Learn About Registered Nurse, RN Schools, Education, Training, Jobs, and Careers

What is a Registered Nurse?
RNs are the backbone of healthcare facilities. They are the glue that hold things together when it comes to most medical treatments. They work in direct contact with patients, families, and doctors to provide medical care to patients.

They are regarded as angels of mercy. To the general public, they may seem to do the same things as licensed practical nurses (LPNs), but their level of education allows them to do much more than LPNs, like planning patient care. In a typical work day, the registered nurse can do all or some of the following:

1. Perform patient care evaluation
2. Operate life saving equipments, machines, and devices
3. Record patients health history
4. Check and record the vital signs of patients, like respiratory rate, blood pressure, temperature, and pulse
5. Educate patients’ and their families about required treatment
6. Give and analyze test results
7. Observe patients and report any reactions to treatment
8. Help patients perform prescribed physical activities
9. Train licensed vocational nurses, nursing aides and assistants
10. Supervise LVNs, nursing aides and assistants
11. Etc.

The RN works with the doctor to asses and establish care plan. She or he will consult the doctor if there is adverse reaction by the patient to the established care plan.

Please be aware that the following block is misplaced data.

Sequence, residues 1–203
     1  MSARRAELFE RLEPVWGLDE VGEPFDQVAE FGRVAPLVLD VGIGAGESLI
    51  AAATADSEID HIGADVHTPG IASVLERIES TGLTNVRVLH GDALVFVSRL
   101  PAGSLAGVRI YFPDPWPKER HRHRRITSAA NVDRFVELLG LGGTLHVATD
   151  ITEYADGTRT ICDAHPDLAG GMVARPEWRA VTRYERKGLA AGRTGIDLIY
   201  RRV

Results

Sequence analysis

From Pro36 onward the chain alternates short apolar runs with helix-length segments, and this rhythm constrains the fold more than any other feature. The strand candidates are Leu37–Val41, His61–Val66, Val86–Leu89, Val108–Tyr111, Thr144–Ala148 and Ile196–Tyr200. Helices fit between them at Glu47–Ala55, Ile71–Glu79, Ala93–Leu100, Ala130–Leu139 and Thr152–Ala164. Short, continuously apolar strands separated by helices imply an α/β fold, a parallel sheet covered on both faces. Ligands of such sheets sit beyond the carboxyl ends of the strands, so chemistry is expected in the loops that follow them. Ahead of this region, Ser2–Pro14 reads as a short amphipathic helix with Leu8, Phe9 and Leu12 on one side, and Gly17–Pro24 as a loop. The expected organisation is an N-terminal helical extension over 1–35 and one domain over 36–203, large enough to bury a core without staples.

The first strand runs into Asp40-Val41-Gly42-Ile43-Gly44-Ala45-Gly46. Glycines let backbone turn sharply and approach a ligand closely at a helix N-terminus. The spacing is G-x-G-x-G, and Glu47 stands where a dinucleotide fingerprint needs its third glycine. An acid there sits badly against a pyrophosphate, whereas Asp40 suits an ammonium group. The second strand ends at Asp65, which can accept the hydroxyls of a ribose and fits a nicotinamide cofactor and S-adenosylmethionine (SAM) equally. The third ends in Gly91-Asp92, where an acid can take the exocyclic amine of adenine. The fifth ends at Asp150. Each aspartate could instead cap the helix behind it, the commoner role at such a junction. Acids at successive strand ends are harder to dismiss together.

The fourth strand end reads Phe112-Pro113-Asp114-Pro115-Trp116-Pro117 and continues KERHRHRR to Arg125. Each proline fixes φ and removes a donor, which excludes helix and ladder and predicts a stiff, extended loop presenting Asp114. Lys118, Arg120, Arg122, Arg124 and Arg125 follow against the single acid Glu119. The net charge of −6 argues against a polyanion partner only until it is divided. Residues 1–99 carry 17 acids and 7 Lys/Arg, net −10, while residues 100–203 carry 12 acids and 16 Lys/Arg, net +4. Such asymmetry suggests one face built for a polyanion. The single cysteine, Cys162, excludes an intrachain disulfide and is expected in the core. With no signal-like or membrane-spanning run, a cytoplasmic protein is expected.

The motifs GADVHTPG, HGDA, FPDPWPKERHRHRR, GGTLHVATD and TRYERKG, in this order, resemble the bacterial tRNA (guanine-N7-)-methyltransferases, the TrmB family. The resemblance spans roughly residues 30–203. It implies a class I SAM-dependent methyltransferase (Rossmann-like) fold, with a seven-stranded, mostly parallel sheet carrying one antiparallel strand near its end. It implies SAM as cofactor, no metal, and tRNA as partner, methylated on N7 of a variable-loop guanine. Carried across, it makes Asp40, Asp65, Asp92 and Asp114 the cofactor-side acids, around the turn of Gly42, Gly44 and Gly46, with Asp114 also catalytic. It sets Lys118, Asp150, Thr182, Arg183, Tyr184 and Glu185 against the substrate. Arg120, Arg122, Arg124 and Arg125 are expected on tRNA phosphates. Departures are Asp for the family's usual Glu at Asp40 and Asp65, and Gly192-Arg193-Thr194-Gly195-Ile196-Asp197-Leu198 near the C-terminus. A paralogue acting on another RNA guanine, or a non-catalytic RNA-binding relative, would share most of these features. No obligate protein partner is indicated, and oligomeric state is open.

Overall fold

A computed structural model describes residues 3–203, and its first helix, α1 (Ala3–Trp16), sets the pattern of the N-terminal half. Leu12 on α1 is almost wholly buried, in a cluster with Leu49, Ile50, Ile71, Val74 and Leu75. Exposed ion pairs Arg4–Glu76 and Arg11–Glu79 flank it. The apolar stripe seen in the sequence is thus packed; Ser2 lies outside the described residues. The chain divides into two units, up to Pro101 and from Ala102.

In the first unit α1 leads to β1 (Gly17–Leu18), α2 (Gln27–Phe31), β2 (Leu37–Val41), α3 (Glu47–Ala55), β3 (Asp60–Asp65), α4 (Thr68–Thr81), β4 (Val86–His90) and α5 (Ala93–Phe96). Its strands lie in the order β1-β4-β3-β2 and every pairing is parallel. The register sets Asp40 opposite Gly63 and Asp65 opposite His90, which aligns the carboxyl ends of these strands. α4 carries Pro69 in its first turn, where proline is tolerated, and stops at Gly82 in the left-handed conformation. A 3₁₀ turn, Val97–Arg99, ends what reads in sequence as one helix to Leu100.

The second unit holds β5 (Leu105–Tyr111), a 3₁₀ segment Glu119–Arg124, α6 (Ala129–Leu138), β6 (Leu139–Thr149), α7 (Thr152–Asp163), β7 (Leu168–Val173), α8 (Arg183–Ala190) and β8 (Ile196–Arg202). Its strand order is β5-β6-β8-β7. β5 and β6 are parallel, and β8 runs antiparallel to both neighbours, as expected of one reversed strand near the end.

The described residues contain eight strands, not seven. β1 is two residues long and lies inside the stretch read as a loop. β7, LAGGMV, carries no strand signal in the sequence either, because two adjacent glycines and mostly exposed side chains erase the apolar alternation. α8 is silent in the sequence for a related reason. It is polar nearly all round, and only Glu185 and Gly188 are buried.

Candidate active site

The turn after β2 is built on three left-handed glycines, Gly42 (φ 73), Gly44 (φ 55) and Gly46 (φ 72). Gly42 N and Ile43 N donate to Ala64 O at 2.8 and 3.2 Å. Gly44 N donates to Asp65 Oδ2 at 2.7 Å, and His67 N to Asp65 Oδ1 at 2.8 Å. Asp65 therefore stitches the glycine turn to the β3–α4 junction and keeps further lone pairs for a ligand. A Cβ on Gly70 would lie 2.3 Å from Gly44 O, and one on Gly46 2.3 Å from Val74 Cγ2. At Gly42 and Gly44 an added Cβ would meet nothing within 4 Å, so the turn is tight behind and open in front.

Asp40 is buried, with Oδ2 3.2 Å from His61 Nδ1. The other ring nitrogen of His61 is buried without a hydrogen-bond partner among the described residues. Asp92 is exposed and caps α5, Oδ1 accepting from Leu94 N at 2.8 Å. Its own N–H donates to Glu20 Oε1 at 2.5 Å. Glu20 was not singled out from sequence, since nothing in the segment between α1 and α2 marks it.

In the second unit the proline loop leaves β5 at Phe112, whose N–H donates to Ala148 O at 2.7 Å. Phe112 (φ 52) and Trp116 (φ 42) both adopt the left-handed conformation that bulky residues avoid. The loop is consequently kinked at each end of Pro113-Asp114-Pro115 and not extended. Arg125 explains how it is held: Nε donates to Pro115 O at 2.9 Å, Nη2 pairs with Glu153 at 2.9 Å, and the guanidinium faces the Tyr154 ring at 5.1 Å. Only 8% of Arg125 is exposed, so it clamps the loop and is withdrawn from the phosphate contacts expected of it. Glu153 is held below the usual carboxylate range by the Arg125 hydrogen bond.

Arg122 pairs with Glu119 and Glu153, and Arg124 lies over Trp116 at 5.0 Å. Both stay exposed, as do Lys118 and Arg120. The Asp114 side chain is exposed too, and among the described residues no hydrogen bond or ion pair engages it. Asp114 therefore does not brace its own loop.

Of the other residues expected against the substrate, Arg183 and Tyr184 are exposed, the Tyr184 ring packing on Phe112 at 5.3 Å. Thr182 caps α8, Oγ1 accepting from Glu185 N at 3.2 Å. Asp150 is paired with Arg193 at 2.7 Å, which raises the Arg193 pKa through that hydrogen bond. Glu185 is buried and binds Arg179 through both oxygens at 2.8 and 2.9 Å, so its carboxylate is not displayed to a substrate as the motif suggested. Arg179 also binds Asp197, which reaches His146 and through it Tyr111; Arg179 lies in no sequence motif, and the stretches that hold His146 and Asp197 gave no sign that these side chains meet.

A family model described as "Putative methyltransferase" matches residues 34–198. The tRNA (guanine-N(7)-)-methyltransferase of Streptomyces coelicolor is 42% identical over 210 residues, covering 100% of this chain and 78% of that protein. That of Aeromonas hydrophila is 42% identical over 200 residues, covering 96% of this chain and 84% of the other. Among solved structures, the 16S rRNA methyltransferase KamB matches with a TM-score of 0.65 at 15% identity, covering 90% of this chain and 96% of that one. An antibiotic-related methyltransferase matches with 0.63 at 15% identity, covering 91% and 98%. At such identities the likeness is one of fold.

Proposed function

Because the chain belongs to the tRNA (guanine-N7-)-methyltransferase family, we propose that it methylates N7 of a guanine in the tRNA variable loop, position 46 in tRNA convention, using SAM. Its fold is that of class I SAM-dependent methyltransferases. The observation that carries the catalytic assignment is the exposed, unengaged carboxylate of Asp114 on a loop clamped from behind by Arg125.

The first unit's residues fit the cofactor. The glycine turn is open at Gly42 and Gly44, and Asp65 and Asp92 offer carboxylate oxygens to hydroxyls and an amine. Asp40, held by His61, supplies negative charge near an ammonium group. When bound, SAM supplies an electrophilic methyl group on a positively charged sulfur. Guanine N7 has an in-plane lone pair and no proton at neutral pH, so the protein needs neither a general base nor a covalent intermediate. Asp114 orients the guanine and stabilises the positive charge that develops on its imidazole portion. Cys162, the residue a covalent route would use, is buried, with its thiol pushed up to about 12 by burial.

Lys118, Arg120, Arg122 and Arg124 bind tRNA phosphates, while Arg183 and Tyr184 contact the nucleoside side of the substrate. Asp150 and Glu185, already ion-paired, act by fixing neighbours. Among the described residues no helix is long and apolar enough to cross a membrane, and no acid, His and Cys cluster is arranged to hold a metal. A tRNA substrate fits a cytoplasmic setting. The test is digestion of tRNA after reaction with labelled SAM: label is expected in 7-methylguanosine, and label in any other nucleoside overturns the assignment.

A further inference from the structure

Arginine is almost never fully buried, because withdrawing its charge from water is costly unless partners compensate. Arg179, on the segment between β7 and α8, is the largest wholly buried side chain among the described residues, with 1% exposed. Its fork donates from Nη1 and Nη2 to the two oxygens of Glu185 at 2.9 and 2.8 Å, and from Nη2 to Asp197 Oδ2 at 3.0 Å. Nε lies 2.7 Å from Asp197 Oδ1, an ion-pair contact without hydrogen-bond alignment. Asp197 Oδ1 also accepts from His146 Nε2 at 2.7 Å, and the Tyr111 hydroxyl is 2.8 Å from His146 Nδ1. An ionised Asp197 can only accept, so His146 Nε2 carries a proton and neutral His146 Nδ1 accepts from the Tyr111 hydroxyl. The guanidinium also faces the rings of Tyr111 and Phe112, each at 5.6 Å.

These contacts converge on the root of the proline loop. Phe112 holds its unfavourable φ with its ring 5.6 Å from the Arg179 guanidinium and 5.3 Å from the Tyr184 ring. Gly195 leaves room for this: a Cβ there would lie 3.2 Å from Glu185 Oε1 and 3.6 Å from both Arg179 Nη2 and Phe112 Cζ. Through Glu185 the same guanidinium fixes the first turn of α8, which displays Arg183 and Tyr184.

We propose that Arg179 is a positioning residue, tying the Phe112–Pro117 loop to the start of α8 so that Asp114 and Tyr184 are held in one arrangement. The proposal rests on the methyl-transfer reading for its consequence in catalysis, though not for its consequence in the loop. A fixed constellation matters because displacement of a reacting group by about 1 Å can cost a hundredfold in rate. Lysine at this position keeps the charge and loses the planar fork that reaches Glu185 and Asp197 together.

How to Become a Registered Nurse:
If you are interested in becoming an RN, you should start by getting a high school diploma or the equivalent. While in high school, take courses like biology, computer science, psychology, health education, chemistry.

After high school, you should then apply to a school that offers either associate or bachelor’s degree in nursing. The associate degree will take you 2 years to complete while the bachelors degree in nursing will take 4 years. You can expect to take classes like:

a. Human Anatomy and Physiology
b. Nursing Fundamentals
c. Psychology
d. Pharmacology
e. Nursing Research
f. Medical-Surgical Nursing
g. Adult Nursing
h. Etc.

After you graduate, there are a number of places you can find employment. Examples are:

1. Hospitals
2. Public Health Centers
3. Rehabilitation Centers
4. Military
5. Hospice Centers
6. Doctors’ office
7. Etc.

To practice, you must be registered. You will need to take and pass the National Council Licensure Examination for RNs (NCLEX-RN) administered by the National Council of States Boards of Nursing. Passing this exam will give the title of registered nurse (RN), as you may have known by now.

Registered Nurse Salary:
Our search on Indeed.com showed RNs make on the average salary of $65,000 per year. There are some that make as much as $88,000 per year. You will typically find the ones making this kind of money as emergency room nurse. Of course, the money you make depends on where you work, your level of responsibility and experience.

Registered Nurse School:
The nursing profession is as hot as it gets right now. You can find a good number of schools offering programs. We have one we think you will like.

The school is Rasmussen College. It offers an associate degree in nursing program. In as little as 2 years, you will be done with this program and on your way to making the above money.

You need to check them out. You can get their free no obligation information by following this link.



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